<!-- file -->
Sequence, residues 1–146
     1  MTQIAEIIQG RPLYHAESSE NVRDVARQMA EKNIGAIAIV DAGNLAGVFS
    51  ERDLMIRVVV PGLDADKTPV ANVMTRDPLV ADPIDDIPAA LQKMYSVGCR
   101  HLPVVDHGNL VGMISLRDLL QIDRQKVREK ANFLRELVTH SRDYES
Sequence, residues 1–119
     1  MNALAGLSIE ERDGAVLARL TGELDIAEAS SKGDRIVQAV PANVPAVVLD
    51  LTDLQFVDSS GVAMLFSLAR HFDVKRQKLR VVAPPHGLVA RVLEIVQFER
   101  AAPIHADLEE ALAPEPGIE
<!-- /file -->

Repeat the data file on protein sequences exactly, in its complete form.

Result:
Sequence, residues 1–146
     1  MTQIAEIIQG RPLYHAESSE NVRDVARQMA EKNIGAIAIV DAGNLAGVFS
    51  ERDLMIRVVV PGLDADKTPV ANVMTRDPLV ADPIDDIPAA LQKMYSVGCR
   101  HLPVVDHGNL VGMISLRDLL QIDRQKVREK ANFLRELVTH SRDYES
Sequence, residues 1–119
     1  MNALAGLSIE ERDGAVLARL TGELDIAEAS SKGDRIVQAV PANVPAVVLD
    51  LTDLQFVDSS GVAMLFSLAR HFDVKRQKLR VVAPPHGLVA RVLEIVQFER
   101  AAPIHADLEE ALAPEPGIE